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Unit 3


Buffalo in South Dakota




798,000 B. C.

Bison begin to cross the land bridge
Bison bison appears
A. D. 1520
Horses brought to America
60 million buffalo roam North America
Frederick Dupree saves five buffalo calves
Buffalo nearly extinct
Scotty Philip buys Dupree herd
Custer State Park herd started
Buffalo population at 250,000
Lesson 2
American Indians and the Buffalo

     The Dakota, Lakota, and Nakota (Sioux) Indians used the buffalo for food. They also used it for clothing and shelter. Because the buffalo was so important, it had a special place in their religion. An old story tells that the Indians once lived underground. They called themselves Pte Oyate, or the Buffalo Nation. One day, they came to the surface to live. Here, life was hard. A holy man named Tatanka came to them as a buffalo. He gave the people everything they needed. Today, one Indian name for the buffalo is tatanka.

     The buffalo moved in herds. The Dakota, Lakota, and Nakota people had to move with them. They lived a nomadic lifestyle. They followed the buffalo to new grasslands or pastures. Hunting was hard before white people brought horses to the Americas. Most of the tribe had to help hunt the buffalo. The people would herd the animals into a canyon or corral. Hunters killed the penned animals. One of these ancient "kill sites" is found near the town of Buffalo, South Dakota.

     Sometimes the tribe forced a herd to stampede off a high cliff. This is called a "buffalo jump." Most animals died in the fall. Others were killed with spears and arrows. Then the tribe cut up the animals. There are buffalo jump sites in South Dakota.  One is south of Lemmon. It is near Shadehill Reservoir. Arrowheads and bones from thousands of buffalo were found there. They were below a steep cliff.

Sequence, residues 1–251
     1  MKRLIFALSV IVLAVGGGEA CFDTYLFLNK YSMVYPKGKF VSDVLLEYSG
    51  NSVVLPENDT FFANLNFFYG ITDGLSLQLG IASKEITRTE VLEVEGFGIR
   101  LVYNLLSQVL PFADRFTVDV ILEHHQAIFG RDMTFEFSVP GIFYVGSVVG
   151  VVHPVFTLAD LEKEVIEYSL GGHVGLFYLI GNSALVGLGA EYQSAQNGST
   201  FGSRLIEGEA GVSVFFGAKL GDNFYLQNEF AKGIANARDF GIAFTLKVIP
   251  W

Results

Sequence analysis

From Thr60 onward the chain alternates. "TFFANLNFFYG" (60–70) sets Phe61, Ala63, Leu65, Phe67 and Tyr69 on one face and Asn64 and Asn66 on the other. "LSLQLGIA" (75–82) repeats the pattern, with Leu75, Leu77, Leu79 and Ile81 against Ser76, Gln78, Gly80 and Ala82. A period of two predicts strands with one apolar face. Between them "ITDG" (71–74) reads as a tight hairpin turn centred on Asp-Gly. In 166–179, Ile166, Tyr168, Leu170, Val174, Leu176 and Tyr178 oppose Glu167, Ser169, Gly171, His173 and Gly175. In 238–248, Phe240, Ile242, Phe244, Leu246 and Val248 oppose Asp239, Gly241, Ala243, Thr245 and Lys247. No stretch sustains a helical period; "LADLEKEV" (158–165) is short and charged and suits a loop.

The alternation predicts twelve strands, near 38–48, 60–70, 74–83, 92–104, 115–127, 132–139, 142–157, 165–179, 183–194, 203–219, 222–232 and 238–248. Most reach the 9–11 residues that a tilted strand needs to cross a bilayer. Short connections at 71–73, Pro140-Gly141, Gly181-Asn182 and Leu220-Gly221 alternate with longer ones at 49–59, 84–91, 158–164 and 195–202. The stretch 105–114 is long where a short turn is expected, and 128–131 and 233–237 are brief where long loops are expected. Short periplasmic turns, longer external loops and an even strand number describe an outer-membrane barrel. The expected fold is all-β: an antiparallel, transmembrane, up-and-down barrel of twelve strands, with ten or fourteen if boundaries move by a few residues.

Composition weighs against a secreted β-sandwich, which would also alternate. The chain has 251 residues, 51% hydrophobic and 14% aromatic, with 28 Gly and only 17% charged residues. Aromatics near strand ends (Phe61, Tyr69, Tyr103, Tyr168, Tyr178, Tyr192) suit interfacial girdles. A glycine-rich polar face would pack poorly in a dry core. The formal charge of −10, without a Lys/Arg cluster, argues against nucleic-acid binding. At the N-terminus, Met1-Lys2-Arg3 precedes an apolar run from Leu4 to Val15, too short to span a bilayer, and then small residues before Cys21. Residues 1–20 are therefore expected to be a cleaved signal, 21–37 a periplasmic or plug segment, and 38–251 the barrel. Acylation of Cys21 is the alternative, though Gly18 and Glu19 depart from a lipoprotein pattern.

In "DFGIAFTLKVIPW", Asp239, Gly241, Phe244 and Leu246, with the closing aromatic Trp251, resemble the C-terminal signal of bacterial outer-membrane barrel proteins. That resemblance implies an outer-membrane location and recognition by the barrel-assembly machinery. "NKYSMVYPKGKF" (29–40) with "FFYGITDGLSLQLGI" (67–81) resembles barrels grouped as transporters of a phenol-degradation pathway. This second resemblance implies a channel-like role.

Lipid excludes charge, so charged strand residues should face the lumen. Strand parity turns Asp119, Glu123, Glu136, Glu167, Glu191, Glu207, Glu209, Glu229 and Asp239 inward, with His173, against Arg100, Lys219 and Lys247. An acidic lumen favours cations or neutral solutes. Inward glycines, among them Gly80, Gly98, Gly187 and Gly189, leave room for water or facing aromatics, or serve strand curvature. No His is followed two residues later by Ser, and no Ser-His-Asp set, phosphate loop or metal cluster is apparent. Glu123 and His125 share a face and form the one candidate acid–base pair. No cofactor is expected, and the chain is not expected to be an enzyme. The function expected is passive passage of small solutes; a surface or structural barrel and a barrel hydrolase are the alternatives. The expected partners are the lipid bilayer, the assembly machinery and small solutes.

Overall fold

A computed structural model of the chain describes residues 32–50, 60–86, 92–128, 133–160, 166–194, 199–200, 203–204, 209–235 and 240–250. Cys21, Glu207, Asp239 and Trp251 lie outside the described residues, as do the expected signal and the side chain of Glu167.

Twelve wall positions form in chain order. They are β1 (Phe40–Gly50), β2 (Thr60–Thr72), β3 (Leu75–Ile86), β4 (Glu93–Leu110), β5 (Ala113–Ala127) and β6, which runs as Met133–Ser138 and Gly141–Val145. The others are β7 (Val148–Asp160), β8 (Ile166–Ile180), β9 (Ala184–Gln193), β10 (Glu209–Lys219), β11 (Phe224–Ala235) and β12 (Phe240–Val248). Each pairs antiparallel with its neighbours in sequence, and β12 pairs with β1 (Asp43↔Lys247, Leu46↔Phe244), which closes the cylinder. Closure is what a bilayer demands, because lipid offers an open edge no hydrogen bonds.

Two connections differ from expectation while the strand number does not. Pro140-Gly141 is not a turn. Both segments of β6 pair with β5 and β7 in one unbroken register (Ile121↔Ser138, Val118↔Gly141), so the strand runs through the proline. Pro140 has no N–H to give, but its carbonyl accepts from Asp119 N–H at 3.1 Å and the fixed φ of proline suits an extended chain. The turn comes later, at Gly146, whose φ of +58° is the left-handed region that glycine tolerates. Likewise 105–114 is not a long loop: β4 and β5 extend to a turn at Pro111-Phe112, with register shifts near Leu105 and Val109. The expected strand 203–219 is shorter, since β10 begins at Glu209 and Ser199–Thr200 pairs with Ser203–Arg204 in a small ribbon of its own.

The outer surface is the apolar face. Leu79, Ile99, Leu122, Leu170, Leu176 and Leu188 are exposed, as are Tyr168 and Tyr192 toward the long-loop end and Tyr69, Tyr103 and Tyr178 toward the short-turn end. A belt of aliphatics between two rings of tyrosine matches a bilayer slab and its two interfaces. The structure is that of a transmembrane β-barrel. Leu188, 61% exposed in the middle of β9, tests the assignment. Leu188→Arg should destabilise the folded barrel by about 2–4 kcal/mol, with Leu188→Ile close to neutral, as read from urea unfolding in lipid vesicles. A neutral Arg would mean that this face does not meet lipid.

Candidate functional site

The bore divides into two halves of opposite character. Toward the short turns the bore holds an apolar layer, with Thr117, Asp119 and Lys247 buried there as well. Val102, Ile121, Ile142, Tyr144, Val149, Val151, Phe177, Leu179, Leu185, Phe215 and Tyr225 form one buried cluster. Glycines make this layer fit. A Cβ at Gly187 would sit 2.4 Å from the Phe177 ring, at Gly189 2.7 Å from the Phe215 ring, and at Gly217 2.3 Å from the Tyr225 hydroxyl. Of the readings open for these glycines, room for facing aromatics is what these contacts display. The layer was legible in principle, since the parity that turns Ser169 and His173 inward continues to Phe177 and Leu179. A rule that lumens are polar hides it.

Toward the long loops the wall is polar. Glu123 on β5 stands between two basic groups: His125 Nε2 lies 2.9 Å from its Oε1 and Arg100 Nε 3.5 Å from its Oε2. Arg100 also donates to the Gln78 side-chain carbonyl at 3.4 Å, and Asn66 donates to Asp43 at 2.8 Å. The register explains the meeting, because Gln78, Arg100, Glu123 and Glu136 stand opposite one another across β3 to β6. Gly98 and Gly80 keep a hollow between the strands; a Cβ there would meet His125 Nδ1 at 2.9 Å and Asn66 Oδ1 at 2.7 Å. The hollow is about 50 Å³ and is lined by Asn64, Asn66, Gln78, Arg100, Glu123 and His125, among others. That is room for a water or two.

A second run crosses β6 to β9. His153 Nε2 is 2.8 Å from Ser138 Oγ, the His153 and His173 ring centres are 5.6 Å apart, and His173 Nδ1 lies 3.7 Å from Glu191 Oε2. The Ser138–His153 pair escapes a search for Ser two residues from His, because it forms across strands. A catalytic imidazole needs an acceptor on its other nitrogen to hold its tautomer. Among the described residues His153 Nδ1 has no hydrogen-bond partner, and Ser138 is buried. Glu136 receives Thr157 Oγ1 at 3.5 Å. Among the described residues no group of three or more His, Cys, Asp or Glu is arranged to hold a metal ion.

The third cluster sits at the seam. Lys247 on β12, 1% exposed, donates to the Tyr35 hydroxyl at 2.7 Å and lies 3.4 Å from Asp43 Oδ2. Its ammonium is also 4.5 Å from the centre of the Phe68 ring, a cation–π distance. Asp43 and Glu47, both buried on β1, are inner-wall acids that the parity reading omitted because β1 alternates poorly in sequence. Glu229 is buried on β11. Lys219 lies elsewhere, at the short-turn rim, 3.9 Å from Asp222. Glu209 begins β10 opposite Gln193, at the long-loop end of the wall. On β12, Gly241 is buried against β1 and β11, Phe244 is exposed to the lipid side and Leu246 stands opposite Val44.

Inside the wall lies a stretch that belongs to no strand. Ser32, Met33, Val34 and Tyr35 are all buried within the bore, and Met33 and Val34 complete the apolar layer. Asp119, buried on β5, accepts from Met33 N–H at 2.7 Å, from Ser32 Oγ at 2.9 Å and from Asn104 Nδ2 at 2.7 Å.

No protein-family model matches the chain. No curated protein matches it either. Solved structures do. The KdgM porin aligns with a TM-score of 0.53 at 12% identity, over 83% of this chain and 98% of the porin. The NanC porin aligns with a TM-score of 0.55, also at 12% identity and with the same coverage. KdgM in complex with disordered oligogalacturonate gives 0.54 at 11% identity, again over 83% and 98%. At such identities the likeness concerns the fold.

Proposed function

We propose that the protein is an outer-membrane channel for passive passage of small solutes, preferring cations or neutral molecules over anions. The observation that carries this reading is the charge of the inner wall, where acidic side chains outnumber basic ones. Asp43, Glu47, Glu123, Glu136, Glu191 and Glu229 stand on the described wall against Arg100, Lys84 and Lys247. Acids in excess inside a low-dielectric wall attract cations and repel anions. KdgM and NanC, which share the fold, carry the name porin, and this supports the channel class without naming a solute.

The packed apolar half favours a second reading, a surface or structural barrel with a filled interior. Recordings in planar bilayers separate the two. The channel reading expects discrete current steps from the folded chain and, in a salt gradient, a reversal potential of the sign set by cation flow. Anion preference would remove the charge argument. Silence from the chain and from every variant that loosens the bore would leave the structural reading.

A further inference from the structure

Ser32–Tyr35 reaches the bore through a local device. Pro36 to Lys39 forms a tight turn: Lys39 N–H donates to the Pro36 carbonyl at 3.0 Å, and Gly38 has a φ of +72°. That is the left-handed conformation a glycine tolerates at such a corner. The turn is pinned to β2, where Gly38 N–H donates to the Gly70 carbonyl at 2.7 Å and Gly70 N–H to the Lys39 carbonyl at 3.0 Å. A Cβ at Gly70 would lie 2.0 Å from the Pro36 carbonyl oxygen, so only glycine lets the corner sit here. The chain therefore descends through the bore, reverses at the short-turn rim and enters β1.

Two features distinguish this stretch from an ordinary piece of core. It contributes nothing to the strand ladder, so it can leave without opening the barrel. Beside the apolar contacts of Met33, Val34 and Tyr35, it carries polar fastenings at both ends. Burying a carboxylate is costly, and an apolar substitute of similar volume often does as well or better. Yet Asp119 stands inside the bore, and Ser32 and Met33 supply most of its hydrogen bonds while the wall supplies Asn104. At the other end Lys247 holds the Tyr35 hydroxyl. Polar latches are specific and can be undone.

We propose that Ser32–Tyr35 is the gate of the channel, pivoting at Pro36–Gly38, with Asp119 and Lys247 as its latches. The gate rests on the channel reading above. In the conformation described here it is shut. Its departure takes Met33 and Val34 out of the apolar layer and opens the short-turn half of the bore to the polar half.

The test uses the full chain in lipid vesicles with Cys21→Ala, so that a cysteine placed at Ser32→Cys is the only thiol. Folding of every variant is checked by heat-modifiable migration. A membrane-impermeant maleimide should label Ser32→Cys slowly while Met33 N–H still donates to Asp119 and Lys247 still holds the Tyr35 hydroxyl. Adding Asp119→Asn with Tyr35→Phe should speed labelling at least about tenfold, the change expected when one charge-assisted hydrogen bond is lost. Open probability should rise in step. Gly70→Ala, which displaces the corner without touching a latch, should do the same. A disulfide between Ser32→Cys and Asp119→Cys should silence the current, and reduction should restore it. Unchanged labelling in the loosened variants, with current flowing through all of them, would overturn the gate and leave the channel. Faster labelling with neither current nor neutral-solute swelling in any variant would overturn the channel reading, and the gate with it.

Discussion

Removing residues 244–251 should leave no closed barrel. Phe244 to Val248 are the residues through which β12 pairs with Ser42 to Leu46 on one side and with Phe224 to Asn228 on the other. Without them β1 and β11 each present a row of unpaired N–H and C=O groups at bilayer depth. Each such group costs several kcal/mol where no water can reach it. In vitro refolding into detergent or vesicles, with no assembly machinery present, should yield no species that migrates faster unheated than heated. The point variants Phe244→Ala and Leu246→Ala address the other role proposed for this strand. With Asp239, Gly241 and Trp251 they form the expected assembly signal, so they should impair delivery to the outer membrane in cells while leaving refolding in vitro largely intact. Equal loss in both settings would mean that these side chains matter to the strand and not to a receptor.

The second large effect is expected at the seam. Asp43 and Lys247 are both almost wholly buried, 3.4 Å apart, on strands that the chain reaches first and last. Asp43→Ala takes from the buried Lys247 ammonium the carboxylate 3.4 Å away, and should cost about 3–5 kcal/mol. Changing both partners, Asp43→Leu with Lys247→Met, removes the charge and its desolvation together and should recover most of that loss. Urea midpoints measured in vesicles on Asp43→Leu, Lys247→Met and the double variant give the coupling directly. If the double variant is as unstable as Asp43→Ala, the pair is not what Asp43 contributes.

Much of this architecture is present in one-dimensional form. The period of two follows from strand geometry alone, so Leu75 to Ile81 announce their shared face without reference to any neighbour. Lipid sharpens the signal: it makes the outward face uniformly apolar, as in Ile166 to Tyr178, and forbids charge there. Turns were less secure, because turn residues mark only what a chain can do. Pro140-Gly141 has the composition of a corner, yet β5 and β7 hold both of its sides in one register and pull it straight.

Buffalo Hunt
Photo courtesy of South Dakota State Historical Society


     Other times, hunters pretended to be wolves. They put on wolf skins. They crept close to the herd. They shot the buffalo with arrows. Buffalo were not afraid of wolves. They ignored the men in wolf skins.

     It took fewer hunters to kill buffalo after the Indians got horses. Each hunter had a fast "buffalo horse." Man and horse chased the buffalo. The hunter shot it. The women cut the buffalo up. They hauled the parts back to camp.


Winter Count
Winter Count

     The Indians used almost every part of the buffalo. The tongue, heart, liver, and back fat were special treats. The muscle meat was cut into strips. The strips were dried to make jerky. They were hung on trees and branches in the sun. Jerky was an important food. It lasted a long time and was easy to carry.


     The Indians used jerky to make wasna. The women pounded the dried meat into a fine meal. They mixed it with wild berries and fat. Sometimes they packed it into clean buffalo intestines. It was like a sausage. Usually they kept wasna in rawhide containers. These holders were called parfleches.


The Indians used the tanned hide of the buffalo to make tipis, clothing, and bedding. First, the women stretched the hides. Then they scraped them to clear away fat and flesh. Next they worked in a mixture of cooked brains. Then they let the skins dry in the sun. They soaked the hides and dried them again.      

     Two women pulled a hide back and forth over a tree branch. They were making it soft. The hide was then ready to be made into clothing or tipis. Rawhide, or hide that was not tanned, was used for shoes, or moccasins. It was also used for shields and ropes.

     Buffalo hair was made into horse ropes and the lining of clothes. From bones, the Indians made arrows and scrapers. They also made knives, axes, and hammers. Flat bones made good cutting boards. Even toys were made from bones!

     Horns became spoons, dippers, and bowls. Teeth and hooves became necklaces, door rattles, and glue. Buffalo bladders made good containers for liquids.

     Another important buffalo product was dried dung. It made good fuel. It burned without much smoke. It did not smell either.

nomadic (adj.), wandering without a permanent home

parfleches (n.), rawhide containers

stampede (n.), a sudden charge of scared animals

tatanka (n.), Lakota name for buffalo

wasna (n.), dried meat pounded and mixed with fat and dried fruit